Fundamentally, adherence to the laws of Yahweh, God or Allah is not an option, but a requirement in order to attain the desired reward; believed to be given by God to those who follow his commandments. Historically, each of these Abrahamic religions have strictly imposed their religious laws to their members. The major theme in their teachings is the punishment that awaits those who do not obey. The Hebrew bible, for instance, is filled with circumstances wherein God punished those who disobey him by death. During the time of Noah, God decreed to “bring the flood of waters upon the earth, to destroy all flesh” except for Noah and his family (“Selections from The Holy Scriptures (The Jewish Bible)” 155). Hebrews who refuse or fail to follow God’s commandment during the time of Moses and the old kingdom of Israel, on the other hand, are subjected to harsh punishment and even death. This reward and punishment system gives an idea that God could not be mocked as he is just God who can punish anyone who disobeys his commandments. As preached by the prophet, Amos, “Seek the Lord, and you will live, else He will rush like fire upon the House of Joseph and consume Bethel with none to quench it” (“Selections from The Holy Scriptures (The Jewish Bible)” 157). Christians were also observed to impose their religious beliefs among their converts and were also known to persecute those who do not follow God’s teachings. The Catholic Church, in particular, is noted for its strict observance of the Christian doctrine early in its history. There was little tolerance to religious freedom as heretics were burned to the stake. Later on, the church expelled or excommunicated others who refuse to follow its teachings. Similarly, Islam have little tolerance towards people who do not share its beliefs. Just like Judaism and Christianity, those who disobey the laws of Islam were punished depending on the severity of their transgressions.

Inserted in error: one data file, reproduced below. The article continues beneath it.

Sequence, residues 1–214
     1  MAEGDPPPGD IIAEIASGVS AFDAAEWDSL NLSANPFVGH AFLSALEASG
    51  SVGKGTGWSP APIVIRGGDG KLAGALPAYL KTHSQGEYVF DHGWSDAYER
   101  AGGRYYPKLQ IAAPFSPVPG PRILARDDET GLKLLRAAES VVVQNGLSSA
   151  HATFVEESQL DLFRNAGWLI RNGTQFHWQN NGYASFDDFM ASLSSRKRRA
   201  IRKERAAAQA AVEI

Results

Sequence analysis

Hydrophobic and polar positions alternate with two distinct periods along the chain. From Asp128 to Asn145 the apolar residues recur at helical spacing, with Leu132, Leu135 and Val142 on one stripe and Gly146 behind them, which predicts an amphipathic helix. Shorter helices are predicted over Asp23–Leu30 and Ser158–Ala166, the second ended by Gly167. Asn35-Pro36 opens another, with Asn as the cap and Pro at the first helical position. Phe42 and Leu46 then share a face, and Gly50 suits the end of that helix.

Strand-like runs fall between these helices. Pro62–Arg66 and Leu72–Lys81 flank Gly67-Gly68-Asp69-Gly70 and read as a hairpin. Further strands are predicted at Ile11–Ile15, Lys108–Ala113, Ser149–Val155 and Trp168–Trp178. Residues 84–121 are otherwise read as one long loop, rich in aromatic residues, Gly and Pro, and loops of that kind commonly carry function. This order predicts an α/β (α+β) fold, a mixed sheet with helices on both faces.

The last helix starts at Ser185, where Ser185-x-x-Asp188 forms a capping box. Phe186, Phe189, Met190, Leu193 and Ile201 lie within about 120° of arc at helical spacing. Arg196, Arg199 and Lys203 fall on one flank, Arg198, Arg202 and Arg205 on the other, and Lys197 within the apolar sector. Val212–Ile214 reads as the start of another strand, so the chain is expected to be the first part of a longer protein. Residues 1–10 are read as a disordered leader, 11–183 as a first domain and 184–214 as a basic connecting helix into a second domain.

Modern Understanding of Conscience